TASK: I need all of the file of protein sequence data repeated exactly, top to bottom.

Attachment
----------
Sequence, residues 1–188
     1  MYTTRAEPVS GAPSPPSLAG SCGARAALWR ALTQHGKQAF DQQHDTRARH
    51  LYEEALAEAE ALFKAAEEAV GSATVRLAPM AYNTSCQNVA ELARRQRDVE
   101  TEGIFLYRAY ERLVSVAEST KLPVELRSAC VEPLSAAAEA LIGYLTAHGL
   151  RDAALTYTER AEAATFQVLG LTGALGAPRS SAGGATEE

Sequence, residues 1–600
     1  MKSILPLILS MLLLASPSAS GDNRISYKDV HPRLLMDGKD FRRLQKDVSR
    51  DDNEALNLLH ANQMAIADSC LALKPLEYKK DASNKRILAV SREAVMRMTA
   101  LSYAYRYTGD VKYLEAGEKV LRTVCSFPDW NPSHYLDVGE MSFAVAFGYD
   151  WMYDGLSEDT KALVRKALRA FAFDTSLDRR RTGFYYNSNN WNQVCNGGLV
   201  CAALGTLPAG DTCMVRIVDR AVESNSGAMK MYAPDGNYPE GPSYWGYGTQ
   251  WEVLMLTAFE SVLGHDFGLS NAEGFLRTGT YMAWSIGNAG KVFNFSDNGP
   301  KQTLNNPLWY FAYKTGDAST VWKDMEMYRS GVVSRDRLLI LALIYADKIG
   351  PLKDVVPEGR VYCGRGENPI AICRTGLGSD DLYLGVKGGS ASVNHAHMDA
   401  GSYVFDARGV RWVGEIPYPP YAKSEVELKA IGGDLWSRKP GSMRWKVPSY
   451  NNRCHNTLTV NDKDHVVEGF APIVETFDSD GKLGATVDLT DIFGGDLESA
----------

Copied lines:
Sequence, residues 1–188
     1  MYTTRAEPVS GAPSPPSLAG SCGARAALWR ALTQHGKQAF DQQHDTRARH
    51  LYEEALAEAE ALFKAAEEAV GSATVRLAPM AYNTSCQNVA ELARRQRDVE
   101  TEGIFLYRAY ERLVSVAEST KLPVELRSAC VEPLSAAAEA LIGYLTAHGL
   151  RDAALTYTER AEAATFQVLG LTGALGAPRS SAGGATEE

Sequence, residues 1–600
     1  MKSILPLILS MLLLASPSAS GDNRISYKDV HPRLLMDGKD FRRLQKDVSR
    51  DDNEALNLLH ANQMAIADSC LALKPLEYKK DASNKRILAV SREAVMRMTA
   101  LSYAYRYTGD VKYLEAGEKV LRTVCSFPDW NPSHYLDVGE MSFAVAFGYD
   151  WMYDGLSEDT KALVRKALRA FAFDTSLDRR RTGFYYNSNN WNQVCNGGLV
   201  CAALGTLPAG DTCMVRIVDR AVESNSGAMK MYAPDGNYPE GPSYWGYGTQ
   251  WEVLMLTAFE SVLGHDFGLS NAEGFLRTGT YMAWSIGNAG KVFNFSDNGP
   301  KQTLNNPLWY FAYKTGDAST VWKDMEMYRS GVVSRDRLLI LALIYADKIG
   351  PLKDVVPEGR VYCGRGENPI AICRTGLGSD DLYLGVKGGS ASVNHAHMDA
   401  GSYVFDARGV RWVGEIPYPP YAKSEVELKA IGGDLWSRKP GSMRWKVPSY
   451  NNRCHNTLTV NDKDHVVEGF APIVETFDSD GKLGATVDLT DIFGGDLESA